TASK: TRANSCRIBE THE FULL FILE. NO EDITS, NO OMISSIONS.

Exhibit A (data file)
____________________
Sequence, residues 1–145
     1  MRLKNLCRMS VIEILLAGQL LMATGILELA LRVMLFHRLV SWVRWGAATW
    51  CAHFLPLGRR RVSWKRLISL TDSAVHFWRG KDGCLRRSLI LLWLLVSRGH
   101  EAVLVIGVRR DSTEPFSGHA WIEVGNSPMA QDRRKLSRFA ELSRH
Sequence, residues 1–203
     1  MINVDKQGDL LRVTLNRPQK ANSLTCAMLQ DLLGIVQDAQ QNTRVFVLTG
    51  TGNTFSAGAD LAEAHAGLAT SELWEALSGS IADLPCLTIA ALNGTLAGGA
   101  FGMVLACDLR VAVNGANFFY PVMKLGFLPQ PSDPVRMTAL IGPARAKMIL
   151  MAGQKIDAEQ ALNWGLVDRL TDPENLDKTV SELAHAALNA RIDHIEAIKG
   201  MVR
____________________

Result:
Sequence, residues 1–145
     1  MRLKNLCRMS VIEILLAGQL LMATGILELA LRVMLFHRLV SWVRWGAATW
    51  CAHFLPLGRR RVSWKRLISL TDSAVHFWRG KDGCLRRSLI LLWLLVSRGH
   101  EAVLVIGVRR DSTEPFSGHA WIEVGNSPMA QDRRKLSRFA ELSRH
Sequence, residues 1–203
     1  MINVDKQGDL LRVTLNRPQK ANSLTCAMLQ DLLGIVQDAQ QNTRVFVLTG
    51  TGNTFSAGAD LAEAHAGLAT SELWEALSGS IADLPCLTIA ALNGTLAGGA
   101  FGMVLACDLR VAVNGANFFY PVMKLGFLPQ PSDPVRMTAL IGPARAKMIL
   151  MAGQKIDAEQ ALNWGLVDRL TDPENLDKTV SELAHAALNA RIDHIEAIKG
   201  MVR